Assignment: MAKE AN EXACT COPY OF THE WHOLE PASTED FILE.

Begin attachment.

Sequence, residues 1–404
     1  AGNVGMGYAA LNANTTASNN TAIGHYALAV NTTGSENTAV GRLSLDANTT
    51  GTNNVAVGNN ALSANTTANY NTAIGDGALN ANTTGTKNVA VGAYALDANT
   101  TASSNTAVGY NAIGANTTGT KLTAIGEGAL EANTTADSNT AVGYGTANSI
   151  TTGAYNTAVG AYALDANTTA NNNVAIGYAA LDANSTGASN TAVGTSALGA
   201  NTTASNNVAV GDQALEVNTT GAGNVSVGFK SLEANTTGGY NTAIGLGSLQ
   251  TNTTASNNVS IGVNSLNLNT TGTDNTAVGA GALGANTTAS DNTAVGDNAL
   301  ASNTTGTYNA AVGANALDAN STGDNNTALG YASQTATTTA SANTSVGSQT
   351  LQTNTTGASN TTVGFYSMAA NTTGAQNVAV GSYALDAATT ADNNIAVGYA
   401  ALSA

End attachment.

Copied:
Sequence, residues 1–404
     1  AGNVGMGYAA LNANTTASNN TAIGHYALAV NTTGSENTAV GRLSLDANTT
    51  GTNNVAVGNN ALSANTTANY NTAIGDGALN ANTTGTKNVA VGAYALDANT
   101  TASSNTAVGY NAIGANTTGT KLTAIGEGAL EANTTADSNT AVGYGTANSI
   151  TTGAYNTAVG AYALDANTTA NNNVAIGYAA LDANSTGASN TAVGTSALGA
   201  NTTASNNVAV GDQALEVNTT GAGNVSVGFK SLEANTTGGY NTAIGLGSLQ
   251  TNTTASNNVS IGVNSLNLNT TGTDNTAVGA GALGANTTAS DNTAVGDNAL
   301  ASNTTGTYNA AVGANALDAN STGDNNTALG YASQTATTTA SANTSVGSQT
   351  LQTNTTGASN TTVGFYSMAA NTTGAQNVAV GSYALDAATT ADNNIAVGYA
   401  ALSA